The G7 consists of Canada, France, Germany, Italy, Japan, the UK and the US. The European Union is also represented at all G7 meetings. The heads of state and government of these countries formulate joint positions on global policy issues when they meet for annual summits. Primary areas of focus include the global economy, foreign and security policy, development and climate.
The first world economic summit, which gave birth to the G7/G8, was initiated by former French President Valéry Giscard d’Estaing and former German Chancellor Helmut Schmidt in 1975 and held at the Château de Rambouillet, where the leaders of France, Germany, Italy, Japan, the United Kingdom and the United States gathered for fireside chats. The group took on the form of the G7 when Canada joined in 1976 and has convened for annual summits ever since.
The European Union (formerly the European Community) has attended the summits since 1977. The G7 became the G8 in 1998 when Russia – which had held guest status since 1994 – was officially added to the group. However, the G8 process was suspended in 2014 due to Russia’s violation of Ukraine’s sovereignty and territorial integrity. The G7 leaders determined at the time that it was not possible to conduct productive talks within the G8. For this reason, they decided not to attend the 2014 G8 summit, which had been slated to take place in Sochi on 4–5 June 2014 under Russia’s presidency. Instead, the G7 gathered for a summit in Brussels on 4–5 June 2014. Following this meeting, Germany assumed the G7 presidency ahead of time. Since then, the process has been continued under the G7 format. This decision underlined the fact that the G7 is a community of shared values that will not accept the breach of international law.
Like the G20, the G7 is not an international organisation. It does not have its own administrative structure. Due to the G7’s informal structures, the rotating annual presidency plays a particularly central role. The country that holds the annual presidency organises that year’s summit and sets the agenda.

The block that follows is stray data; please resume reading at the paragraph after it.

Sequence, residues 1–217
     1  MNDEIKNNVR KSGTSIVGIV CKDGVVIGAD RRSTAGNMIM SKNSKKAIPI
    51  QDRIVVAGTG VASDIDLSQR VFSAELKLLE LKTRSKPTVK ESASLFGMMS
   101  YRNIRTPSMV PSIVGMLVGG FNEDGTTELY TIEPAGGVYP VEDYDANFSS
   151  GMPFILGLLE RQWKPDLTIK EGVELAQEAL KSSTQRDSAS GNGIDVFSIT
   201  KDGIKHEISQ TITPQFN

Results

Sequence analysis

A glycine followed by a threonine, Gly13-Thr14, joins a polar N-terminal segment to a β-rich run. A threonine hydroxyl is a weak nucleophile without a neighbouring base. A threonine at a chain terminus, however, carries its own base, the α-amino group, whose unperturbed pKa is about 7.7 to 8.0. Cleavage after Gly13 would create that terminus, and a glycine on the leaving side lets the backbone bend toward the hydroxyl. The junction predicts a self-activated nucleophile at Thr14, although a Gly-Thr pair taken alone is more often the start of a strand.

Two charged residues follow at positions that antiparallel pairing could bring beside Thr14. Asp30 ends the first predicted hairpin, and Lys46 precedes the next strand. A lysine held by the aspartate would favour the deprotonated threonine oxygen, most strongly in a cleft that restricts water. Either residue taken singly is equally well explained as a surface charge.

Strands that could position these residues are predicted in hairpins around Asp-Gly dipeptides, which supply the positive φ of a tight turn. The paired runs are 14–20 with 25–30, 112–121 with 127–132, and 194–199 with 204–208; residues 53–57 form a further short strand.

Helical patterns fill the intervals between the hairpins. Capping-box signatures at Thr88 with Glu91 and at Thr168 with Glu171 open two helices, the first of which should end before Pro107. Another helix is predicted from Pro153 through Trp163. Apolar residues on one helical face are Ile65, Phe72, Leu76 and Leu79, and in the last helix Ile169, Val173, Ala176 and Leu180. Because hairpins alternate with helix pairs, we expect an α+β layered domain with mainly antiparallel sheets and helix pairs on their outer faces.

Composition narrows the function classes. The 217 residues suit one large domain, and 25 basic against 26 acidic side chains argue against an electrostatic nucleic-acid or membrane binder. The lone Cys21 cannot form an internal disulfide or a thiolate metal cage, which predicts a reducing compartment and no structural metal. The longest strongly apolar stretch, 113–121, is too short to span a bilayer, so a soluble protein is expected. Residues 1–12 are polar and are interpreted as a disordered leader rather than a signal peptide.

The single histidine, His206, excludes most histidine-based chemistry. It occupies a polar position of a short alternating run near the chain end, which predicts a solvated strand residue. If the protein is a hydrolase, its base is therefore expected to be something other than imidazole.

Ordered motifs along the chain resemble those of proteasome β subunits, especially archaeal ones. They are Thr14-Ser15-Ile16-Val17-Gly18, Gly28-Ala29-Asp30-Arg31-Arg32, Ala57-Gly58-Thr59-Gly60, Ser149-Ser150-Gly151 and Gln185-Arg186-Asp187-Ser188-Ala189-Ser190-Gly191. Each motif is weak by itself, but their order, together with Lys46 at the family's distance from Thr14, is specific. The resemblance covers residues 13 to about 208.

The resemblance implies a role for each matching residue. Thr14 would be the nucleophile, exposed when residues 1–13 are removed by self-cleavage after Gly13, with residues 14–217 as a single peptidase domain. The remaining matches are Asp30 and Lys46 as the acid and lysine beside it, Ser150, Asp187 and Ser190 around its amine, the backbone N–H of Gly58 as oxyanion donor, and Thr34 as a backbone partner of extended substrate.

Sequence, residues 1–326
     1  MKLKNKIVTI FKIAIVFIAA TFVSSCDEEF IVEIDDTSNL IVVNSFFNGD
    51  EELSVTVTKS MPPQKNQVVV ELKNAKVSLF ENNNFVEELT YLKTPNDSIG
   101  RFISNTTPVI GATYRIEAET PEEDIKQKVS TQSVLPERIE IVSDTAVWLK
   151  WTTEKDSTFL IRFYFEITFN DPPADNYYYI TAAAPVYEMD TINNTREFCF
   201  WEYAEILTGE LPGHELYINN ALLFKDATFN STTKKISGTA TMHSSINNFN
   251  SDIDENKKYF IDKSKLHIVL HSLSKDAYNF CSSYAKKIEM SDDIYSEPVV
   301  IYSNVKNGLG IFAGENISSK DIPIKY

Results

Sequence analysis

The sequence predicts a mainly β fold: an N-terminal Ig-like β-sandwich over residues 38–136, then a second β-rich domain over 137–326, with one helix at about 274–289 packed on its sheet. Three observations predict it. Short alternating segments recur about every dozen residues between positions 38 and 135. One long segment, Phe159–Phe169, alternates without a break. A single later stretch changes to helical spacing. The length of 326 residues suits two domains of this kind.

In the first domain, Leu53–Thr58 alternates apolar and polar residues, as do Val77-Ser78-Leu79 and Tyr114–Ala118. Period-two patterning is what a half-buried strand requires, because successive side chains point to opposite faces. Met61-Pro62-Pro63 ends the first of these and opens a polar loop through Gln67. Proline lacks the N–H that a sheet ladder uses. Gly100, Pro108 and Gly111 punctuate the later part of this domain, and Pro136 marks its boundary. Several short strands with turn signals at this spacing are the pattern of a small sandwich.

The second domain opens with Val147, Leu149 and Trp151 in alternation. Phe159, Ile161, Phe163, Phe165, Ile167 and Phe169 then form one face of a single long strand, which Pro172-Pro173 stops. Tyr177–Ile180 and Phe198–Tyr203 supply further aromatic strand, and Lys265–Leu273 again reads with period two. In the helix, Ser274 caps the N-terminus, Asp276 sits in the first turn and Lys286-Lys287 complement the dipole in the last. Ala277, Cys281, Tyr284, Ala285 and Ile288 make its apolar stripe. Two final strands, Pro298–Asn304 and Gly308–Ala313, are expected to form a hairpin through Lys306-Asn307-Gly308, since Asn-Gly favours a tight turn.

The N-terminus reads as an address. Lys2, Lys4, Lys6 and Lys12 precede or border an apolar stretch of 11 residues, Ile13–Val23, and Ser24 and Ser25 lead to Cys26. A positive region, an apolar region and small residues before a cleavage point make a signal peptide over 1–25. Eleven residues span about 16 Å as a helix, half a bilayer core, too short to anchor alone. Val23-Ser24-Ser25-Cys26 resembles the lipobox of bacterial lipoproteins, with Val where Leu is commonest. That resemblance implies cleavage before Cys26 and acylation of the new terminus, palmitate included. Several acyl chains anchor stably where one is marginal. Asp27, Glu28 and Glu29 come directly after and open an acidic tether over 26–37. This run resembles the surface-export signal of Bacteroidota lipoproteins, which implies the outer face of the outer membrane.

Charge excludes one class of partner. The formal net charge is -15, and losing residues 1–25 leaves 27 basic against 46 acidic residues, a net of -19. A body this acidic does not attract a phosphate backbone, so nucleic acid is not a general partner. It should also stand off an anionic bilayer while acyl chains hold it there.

The summits, which are usually held mid-year, provide the heads of state and government with a key opportunity to exchange views in face-to-face talks. On the occasion of each summit, a communiqué containing the main results is published, together with accompanying reports and action plans.
Each government leader has a personal representative, called a sherpa, who prepares the summit. The Federal Ministry of Finance assists the German Chancellor’s sherpa in all questions involving fiscal and monetary policy.
The G7 process has changed significantly over the years. In addition to cooperating at the level of heads of state and government, the G7 now also holds separate meetings attended by finance ministers and central bank governors. This close cooperation in the area of fiscal and monetary policy is based on the recognition that – given the growing interdependence of the global economy – the economic, monetary and trade policies of major economies tend to affect other countries. Even after the establishment of the G20 as the central forum for international cooperation in the area of economic and fiscal policy, G7 finance ministers and central bank governors still usually meet several times a year to discuss pressing fiscal and monetary policy issues. In addition to their discussions on these issues, which are of particular interest to the G7 countries, the G7 also functions as a catalyst within the G20. Furthermore, thanks to its long-standing tradition of close cooperation, the G7 is able to react swiftly and efficiently in crisis situations.
The meetings of G7 finance ministers and central bank governors are supplemented by regular confidential meetings of their representatives, who are referred to as G7 deputies.